Mexico, like other countries in Latin America, is currently facing significant problems with regard to juvenile antisocial behavior and crime. The current study explores some of the factors associated with school vandalism in public high schools. Multilevel modeling with survey data from 22,345 students from 249 schools, acquired over two years, was used to determine how much variation in the rates of school vandalism exists between and within schools, and to detect individual and contextual characteristics that explain significant proportions of the variance. Results demonstrated significant differences across schools in the rates of student vandalism, most of which were associated with gang involvement, drug use, bullying, no attachment to school rules, and unequal treatment of students by teachers. These results are discussed in relation to the literature on school vandalism, and implications for the prevention of school vandalism are discussed.


3.   Vilalta, C. La victimización de las empresas en México: conceptos, teorías y mediciones. Gestión y Política Pública. Próxima publicación.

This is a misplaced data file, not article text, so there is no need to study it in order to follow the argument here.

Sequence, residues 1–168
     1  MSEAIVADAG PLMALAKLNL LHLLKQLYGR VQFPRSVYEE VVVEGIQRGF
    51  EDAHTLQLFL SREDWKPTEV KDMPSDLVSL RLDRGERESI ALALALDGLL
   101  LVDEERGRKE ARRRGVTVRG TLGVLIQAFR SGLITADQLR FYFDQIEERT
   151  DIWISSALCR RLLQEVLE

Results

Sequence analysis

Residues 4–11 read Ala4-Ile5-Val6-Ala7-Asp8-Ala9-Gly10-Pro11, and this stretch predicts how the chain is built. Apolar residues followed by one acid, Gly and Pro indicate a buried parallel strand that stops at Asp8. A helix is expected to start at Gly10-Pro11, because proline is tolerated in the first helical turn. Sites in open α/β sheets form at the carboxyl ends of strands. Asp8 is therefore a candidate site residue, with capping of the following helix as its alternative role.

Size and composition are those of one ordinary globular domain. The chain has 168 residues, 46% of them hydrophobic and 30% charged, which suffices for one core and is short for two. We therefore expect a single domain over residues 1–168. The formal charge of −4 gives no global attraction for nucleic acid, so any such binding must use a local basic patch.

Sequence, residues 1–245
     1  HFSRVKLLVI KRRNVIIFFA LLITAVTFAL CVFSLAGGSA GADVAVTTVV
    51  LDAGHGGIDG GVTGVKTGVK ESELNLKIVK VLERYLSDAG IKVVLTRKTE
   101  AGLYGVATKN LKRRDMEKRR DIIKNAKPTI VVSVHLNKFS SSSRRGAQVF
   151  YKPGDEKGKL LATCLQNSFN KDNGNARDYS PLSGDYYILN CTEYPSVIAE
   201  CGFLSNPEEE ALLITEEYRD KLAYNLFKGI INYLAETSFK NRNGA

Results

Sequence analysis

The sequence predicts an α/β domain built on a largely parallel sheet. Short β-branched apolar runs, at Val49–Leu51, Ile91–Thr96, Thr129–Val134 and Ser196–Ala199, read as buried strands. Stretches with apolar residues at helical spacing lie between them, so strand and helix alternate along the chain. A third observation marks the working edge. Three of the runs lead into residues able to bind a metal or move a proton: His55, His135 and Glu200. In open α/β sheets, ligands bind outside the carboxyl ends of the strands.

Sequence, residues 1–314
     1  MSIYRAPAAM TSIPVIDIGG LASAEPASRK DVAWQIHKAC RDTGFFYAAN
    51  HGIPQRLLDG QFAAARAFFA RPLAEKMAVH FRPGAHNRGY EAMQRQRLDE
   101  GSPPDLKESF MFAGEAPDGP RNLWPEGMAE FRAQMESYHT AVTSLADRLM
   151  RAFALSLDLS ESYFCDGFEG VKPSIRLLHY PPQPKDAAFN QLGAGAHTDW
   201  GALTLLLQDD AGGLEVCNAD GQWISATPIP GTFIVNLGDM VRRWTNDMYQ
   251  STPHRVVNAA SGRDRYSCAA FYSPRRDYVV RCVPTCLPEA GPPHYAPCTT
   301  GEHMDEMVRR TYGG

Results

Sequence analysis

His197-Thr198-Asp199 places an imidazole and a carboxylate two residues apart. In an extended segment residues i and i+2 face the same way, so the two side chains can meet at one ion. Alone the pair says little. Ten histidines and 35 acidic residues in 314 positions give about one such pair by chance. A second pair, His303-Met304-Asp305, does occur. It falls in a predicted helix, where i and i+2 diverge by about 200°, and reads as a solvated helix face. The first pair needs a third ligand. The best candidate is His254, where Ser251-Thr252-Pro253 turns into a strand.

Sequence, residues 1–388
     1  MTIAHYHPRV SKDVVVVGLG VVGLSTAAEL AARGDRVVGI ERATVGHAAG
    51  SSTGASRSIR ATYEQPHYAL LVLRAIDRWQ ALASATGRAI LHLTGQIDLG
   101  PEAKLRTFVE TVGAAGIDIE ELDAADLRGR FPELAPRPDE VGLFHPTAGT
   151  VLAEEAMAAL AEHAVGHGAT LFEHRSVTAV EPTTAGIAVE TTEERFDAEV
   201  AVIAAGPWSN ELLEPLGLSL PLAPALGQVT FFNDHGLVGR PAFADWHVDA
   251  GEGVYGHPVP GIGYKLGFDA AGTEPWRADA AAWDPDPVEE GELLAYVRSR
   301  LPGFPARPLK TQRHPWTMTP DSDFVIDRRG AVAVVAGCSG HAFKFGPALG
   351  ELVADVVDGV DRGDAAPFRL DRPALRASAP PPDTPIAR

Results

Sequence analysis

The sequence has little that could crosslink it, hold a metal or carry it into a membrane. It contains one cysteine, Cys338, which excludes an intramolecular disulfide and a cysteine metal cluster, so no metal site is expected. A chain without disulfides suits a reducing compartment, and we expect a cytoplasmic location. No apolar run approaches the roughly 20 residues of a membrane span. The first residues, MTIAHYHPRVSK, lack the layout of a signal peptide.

Resumen / Manuscrito Revista

Este estudio presenta las bases conceptuales, teóricas y de análisis empírico para el estudio ordenado de la victimización delictiva de las empresas. Contiene una revisión teórica contemporánea y una discusión de las mediciones actuales en esta materia. Además, presenta estadísticos descriptivos que muestran la magnitud del problema de la victimización empresarial. Se demuestra que el segundo delito más frecuente contra las empresas en el país es alguno relacionado con la corrupción, es decir, alguno cometido por el servidor público. Igualmente se muestra una elevada variación inter-anual en la incidencia de estos delitos, lo que lleva a la necesidad de proseguir en el país con la discusión metodológica en esta materia.

 

2.   Vilalta, C. & Allmang, S. (2017). Assessing the role of context on the relationship between adolescent marijuana use and property crimes in Mexico. Substance Use & Misuse, 52(2), 152, 163.

Abstract / Manuscript Journal